Known for holding Africa’s third largest hydropower potential (after the DRC and Ethiopia), Cameroon bares itself as a potential solar attraction as well.Cameroon is currently harnessing only 721MW of its estimated 12,000MW hydropower capacity.
This alone is a thunderous snippet of information; however, with its average solar radiation ranging from 4.5kWh/sqm/day in the south to 5.74kWh/sqm/day in the north, the focus should not be entirely on hydro resources, writes Nicolette Pombo-van Zyl, editor of ESI Africa.
Harnessing various technologies is essential to develop a sustainable and efficient energy mix while supporting economic growth and development for Cameroon. It is reasonable to say that the region’s stakeholders have reached the point of agreeing on what the generation potential is and what the technology mix can comprise. The question now is how this can be realistically achieved – the specific legislation and actions that will lay the foundation for financial commitments and development of bankable power projects.
Tide of change for Cameroon
Exploring a few headlines in 2017 that sparked interest in this central African country, the topmost feature bears witness to progress with the official launch of construction works for the 30MW LomPangar Hydroelectric Dam project. At the launch ceremony, the President of the African Development Bank (AfDB), Akinwumi Adesina, expressed delight about this prominent project, highlighting that it will supply electricity to the entire eastern region of Cameroon. [AfDB issues its Light Up and Power Africa Bond]
Predicted for completion within 30 months, the $68 million project is financed by the AfDB and the Development Bank of Central African States, with the AfDB providing $52 million. For power to reach its intended customers, the project includes a 105km 90kV transmission line.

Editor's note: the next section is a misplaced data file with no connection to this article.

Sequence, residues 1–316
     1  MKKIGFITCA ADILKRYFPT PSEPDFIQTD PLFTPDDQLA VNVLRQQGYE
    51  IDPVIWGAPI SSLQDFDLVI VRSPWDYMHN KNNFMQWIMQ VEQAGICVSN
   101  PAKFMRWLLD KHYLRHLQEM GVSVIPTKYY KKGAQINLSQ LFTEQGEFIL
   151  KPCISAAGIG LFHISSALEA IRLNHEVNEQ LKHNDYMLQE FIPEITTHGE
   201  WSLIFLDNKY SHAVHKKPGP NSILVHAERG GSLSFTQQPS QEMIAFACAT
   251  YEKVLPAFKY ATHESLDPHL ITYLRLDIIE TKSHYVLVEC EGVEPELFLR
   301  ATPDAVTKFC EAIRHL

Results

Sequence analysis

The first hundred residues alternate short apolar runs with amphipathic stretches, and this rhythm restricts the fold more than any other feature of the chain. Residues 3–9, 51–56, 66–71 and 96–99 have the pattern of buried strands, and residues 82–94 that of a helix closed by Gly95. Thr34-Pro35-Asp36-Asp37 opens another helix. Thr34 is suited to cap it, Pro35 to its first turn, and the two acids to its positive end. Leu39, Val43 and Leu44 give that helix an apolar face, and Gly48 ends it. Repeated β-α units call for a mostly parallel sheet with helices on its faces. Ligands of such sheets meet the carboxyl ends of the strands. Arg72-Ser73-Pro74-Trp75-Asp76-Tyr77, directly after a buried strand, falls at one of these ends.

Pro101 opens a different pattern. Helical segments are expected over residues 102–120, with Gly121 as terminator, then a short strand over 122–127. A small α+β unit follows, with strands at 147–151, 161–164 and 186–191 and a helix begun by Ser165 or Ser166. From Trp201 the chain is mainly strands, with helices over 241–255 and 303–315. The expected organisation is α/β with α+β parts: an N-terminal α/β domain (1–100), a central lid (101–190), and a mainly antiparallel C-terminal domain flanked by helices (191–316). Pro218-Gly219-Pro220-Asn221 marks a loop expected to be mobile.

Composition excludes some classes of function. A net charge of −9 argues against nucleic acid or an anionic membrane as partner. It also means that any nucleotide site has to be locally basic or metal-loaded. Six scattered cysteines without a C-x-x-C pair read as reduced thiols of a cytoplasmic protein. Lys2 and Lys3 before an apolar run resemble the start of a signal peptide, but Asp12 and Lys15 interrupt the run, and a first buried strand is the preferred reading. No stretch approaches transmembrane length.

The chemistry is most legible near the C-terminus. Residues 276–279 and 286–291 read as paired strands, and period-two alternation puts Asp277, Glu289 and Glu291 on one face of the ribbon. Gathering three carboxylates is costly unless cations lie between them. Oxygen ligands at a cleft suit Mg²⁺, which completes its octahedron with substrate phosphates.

In high spirits, the Deputy Mayor of Belabo, Thierry Angelo Mvodjongo, said the laying of this foundation stone for the hydropower generation plant, which will light up 150 localities, is a sign of hope.
Another hopeful development is the government of Cameroon opening discussions with Tunisia for the transfer of technology knowledge.
The objective of the partnership, with Tunisian-based Borj Cedria Ecopark, is to implement a training programme in renewable and sustainable energy for Cameroonian engineers and researchers.
Improving and enhancing the skills and knowledge of a country’s engineers is an important element to develop and maintain the energy market – this is a progressive step and one that will have a far-reaching impact on the energy sector.
Along with skills, the country is keen on increasing its national electricity access rate of 55% by adding one million connections to the national grid by 2035 - and in August, put forth a tender for Phase II of its rural electrification project, funded through the Islamic Development Bank. In this tender, funds are identified for the construction of medium- and low-tension power distribution lines and the connection of beneficiary households.
Developments like these in Cameroon will hopefully do away with prolonged power outages and increase electrification rates (reported at 55% in 2016) even further.
Featured image: Lom-Pangar Hydroelectric, Cameroon. Source: AfDB